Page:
I recently came across a fine article written by Rusty Miller, which appeared in the June 2003 issue of Abundant Life Magazine. The article was titled “Adultery’s Consequences”, and noted the damage that the sin of adultery wreaks upon society, the church, children, marriage and the soul. The article was a bit longer than the space allotted here, so I would like to take the main points, and concisely summarize them.
Teaching such as this is needed because of the frequency of the sin. It is certainly a societal problem, but how many times have we seen Christian families devastated by the sin of adultery? We wonder how a man or woman could behave in such a treacherous way. Lives and souls are destroyed by sexual infidelity. Consider the following:
Continue reading » The Damage Done by Adultery
A discussion of Galatians 4:21-31. To make your appeal to the Old Covenant, you align yourself with Hagar and Bondage rather than Sarah and freedom. As Christians, we are children of the free woman!
A discussion of Bible baptism, based on the command of Peter in Acts 2:38.
I am typing this short article while away from home, and handicapped by having left my reading glasses behind. As such, my near-sightedness is making it difficult to complete the task.
Naturally, I am reminded of Peter’s words in 2 Peter 1:9, “For he who lacks these things is shortsighted, even to blindness, and has forgotten that he was cleansed from his old sins.” The things to which Peter refers are: faith, virtue, knowledge, self-control, perseverance, godliness, brotherly kindness and love.
Consider that when Peter wrote these words there was no relief for a short sighted person. While I can pick up my glasses, they had no remedy. Such words would be especially poignant to one who suffered from near-sightedness, but would be a vivid picture to all. The Christian without his virtues is severely handicapped. It is difficult for him to accomplish his life’s purpose to serve God, and receive the reward.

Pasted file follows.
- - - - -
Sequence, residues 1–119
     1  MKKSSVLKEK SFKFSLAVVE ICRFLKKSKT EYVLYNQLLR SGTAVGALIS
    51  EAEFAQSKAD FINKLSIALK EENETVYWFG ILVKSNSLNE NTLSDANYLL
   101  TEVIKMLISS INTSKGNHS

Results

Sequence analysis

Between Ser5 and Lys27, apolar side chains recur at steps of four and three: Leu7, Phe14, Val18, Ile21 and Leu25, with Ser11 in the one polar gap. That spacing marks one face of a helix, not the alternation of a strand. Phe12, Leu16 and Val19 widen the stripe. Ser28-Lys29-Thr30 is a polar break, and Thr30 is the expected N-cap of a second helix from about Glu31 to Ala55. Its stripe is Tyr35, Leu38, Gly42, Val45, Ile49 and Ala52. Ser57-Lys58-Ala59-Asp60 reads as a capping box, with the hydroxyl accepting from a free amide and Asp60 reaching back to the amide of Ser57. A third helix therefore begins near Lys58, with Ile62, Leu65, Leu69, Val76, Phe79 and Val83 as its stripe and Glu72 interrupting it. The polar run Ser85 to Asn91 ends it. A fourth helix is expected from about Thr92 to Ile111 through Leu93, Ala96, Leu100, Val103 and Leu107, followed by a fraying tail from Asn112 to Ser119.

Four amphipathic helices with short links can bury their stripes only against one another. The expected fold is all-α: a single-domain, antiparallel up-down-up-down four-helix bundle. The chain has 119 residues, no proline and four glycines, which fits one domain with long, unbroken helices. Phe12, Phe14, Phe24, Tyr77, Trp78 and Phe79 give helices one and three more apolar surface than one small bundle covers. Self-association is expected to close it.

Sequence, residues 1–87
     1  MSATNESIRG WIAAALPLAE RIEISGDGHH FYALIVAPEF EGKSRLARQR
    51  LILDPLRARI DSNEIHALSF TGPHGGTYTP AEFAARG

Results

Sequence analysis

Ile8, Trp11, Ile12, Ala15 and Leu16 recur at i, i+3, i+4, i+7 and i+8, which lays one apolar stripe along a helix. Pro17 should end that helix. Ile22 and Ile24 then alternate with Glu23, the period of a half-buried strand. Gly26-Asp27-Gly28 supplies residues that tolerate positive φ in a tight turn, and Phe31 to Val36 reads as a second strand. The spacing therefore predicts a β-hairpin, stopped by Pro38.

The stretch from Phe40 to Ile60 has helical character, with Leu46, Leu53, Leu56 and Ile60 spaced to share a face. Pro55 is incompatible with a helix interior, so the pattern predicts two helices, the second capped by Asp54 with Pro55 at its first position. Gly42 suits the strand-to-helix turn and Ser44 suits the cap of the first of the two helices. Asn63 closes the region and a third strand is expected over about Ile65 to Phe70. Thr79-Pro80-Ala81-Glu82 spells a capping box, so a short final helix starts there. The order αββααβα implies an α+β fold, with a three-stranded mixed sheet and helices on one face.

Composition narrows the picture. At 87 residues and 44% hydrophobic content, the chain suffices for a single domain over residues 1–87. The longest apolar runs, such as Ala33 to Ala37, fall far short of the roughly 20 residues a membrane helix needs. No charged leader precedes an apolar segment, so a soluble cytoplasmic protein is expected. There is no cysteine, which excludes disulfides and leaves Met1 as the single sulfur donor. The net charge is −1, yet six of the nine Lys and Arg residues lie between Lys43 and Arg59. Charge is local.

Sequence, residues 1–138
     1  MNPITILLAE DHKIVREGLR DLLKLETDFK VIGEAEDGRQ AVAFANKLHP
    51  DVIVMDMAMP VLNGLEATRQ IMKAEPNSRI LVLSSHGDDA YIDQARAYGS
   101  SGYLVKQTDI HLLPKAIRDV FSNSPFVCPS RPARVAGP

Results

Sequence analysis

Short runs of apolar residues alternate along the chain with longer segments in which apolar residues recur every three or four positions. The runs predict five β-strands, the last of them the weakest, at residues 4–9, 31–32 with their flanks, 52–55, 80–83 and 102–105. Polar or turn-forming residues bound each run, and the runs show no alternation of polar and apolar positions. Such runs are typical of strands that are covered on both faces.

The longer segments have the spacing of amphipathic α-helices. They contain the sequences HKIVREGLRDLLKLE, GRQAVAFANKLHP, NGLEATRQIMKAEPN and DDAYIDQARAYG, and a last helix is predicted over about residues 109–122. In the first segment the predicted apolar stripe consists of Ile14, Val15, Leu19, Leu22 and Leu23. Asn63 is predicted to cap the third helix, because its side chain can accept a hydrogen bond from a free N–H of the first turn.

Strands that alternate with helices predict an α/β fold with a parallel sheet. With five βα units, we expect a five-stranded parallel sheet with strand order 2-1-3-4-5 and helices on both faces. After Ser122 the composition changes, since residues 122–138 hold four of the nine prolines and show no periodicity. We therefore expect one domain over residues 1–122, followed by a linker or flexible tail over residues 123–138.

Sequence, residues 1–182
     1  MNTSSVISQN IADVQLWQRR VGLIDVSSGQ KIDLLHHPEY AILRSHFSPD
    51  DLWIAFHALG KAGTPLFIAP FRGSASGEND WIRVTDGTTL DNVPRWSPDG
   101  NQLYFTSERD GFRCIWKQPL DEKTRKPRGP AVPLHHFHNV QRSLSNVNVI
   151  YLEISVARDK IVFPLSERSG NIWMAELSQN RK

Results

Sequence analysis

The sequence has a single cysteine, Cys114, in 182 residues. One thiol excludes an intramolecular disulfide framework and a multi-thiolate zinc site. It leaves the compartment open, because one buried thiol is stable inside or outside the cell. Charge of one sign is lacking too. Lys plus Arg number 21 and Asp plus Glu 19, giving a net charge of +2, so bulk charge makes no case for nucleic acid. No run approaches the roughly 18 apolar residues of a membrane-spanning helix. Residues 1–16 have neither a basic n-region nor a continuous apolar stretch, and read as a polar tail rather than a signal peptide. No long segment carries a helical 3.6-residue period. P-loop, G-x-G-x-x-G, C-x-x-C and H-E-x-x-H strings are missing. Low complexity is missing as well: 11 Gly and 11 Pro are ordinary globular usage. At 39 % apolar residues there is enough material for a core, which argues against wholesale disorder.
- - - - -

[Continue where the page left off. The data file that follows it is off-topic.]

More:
In contrast, Peter writes, “For if these things are yours and abound, you will be neither barren nor unfruitful in the knowledge of our Lord Jesus Christ” (vs. 8). Peter promises the clear-sighted Christian an entrance “into the everlasting kingdom of our Lord and Savior Jesus Christ” (vs. 11). This requires diligence on our part (cf. vs. 10), and it certainly takes work to mature through the process of adding to our faith. What about it? How hard are you working to for such spiritual focus?
Invitation delivered by: Stan Cox
2 Corinthians 2:4 explains Paul’s motivation for admonishing the Corinthians. When we receive admonition, it is good to remember why our brother feels compelled to correct us.
The book of Ecclesiastes contains several miscellaneous words of wisdom in its pages that have beneficial applications to the Christian’s life.
The Apostle Paul uses the metaphor of a soldier to describe the Christian’s relationship to Christ. Several important lessons can be derives from the word picture he draws.
This lesson was given at the Woodmont church of Christ, quarterly study on September 20, 2014. The subject is ethics, with a contrast between the humanly devised philosophies, and the objective Bible standard of right and wrong. Four examples are discussed in application of the principles: 1) Abortive types of contraception; 2) Extramarital Sexual relationships; Corporal Punishment; 4) Slavery.
The materials consist of an 80 minute lecture, a 30 minute Question and Answer period, and the Powerpoint presentation utilized in the initial presentation.
Audio (The Christian & Ethics – 80 minute lecture)
Audio (The Christian & Ethics – 30 minutes Question & Answer)
Article (DOCX) (The Christian and Ethics)